different areas of the photo to see other views of the display
There are few other aircraft in the history of aviation which are as famous, evocative and easily recognisable, as the F-86 Sabre family.
Designed by North American Aviation, the prototype XP-86 first flew on 1st October 1947, and the first F-86A's entered service with the United States Air Force the following year. The Sabre soon began setting speed records.... but it was in the Korean war where it was to gain its greatest fame, as arch-adversary to the MiG-15.
The basic Sabre design was constantly developed during its service life and its popularity and effectiveness led to its selection by the air forces of no less than 35 different countries around the world. As well as production in the U.S.A., Sabres were also assembled by Fiat in Italy, Mitsubishi in Japan, and modified versions were license-built in Canada as the Canadair CL-13, and in Australia as the Commonwealth Aircraft Corporation CA-27.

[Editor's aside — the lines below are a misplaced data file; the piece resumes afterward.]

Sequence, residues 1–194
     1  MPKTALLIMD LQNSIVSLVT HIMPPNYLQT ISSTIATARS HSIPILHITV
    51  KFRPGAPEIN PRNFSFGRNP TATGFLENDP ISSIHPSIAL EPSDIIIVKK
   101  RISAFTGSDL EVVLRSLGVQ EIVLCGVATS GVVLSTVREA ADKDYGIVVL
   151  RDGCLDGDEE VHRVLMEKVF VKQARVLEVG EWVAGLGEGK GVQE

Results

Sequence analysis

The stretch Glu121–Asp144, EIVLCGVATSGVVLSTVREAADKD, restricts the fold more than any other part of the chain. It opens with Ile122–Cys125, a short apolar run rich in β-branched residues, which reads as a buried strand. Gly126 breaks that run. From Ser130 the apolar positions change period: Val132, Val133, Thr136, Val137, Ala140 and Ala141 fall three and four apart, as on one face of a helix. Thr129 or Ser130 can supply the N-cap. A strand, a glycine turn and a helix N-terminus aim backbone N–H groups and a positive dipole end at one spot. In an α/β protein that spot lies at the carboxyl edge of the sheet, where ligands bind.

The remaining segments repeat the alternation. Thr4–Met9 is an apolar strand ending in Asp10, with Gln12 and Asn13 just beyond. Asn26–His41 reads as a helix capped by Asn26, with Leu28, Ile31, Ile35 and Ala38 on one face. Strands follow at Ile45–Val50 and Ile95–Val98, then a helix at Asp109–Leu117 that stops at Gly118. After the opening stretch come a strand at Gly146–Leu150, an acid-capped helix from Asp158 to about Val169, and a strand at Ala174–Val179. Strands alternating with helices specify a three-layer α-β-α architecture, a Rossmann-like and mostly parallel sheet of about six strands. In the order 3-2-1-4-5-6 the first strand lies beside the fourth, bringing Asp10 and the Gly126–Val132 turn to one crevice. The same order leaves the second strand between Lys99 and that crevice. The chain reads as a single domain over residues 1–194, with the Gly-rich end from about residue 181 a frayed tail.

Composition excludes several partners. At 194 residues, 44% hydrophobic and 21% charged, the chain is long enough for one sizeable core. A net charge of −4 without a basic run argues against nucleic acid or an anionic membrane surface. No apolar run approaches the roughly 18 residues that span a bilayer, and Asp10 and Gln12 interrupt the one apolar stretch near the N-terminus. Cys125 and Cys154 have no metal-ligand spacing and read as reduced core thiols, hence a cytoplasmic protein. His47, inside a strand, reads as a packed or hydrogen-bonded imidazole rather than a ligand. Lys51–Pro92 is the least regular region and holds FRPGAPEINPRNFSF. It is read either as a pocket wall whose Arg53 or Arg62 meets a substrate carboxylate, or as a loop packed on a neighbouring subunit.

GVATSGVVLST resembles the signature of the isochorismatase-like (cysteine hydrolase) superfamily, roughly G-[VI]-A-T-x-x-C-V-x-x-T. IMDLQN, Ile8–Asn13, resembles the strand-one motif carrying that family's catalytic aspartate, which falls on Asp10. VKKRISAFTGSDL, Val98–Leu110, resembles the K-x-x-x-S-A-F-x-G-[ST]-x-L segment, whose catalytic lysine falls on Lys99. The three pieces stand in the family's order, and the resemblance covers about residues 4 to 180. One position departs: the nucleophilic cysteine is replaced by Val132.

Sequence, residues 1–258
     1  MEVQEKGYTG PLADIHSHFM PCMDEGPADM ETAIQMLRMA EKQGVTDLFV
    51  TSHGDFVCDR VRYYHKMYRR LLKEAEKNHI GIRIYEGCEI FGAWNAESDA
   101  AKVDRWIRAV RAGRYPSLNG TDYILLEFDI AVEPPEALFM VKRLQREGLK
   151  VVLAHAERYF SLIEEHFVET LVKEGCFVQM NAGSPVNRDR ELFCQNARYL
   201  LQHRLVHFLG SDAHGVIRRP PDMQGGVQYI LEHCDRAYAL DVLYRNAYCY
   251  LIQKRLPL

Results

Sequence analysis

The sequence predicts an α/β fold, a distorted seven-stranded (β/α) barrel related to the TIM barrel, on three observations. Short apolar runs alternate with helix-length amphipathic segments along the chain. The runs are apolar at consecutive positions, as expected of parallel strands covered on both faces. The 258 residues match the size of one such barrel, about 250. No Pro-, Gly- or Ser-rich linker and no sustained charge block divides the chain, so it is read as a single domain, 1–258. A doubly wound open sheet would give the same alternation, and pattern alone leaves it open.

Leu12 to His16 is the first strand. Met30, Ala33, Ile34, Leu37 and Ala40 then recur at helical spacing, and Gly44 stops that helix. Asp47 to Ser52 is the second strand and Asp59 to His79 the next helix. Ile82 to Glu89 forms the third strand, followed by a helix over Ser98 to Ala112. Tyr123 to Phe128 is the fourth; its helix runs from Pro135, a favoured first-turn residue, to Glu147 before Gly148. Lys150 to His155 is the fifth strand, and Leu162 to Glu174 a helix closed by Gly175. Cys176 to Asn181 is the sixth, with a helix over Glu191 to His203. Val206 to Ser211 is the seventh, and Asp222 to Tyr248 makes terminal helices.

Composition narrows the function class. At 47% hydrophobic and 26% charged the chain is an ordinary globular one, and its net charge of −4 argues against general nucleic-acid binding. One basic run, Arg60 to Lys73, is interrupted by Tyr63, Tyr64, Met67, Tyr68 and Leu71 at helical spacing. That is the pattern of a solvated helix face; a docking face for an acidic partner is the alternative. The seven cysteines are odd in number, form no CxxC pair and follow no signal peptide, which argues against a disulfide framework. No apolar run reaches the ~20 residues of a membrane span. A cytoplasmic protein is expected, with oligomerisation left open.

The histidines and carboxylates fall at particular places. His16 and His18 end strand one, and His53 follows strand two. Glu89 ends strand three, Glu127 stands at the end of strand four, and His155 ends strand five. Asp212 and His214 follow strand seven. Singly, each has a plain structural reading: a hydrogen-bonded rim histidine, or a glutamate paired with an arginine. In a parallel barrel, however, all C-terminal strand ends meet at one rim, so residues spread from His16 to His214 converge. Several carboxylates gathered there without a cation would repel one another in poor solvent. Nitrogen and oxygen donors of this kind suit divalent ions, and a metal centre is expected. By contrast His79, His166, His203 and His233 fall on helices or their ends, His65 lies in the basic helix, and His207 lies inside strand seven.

By the time all manufacturing had ceased, worldwide production stood at a grand total of 8,675 Sabres of various marks, some of which were still in service in the 1980's.
Loved by all who flew it, the Sabre's excellent flying qualities made it an obvious choice for formation aerobatics, and of the 35 countries equipped with it, at least 21 of them had one or more Sabre-mounted aerobatic teams at some point in their history.
Our display here represents a large number of those Sabre aerobatic teams, illustrating the different types and marks used, as well as the many highly-colourful schemes applied to the team aircraft.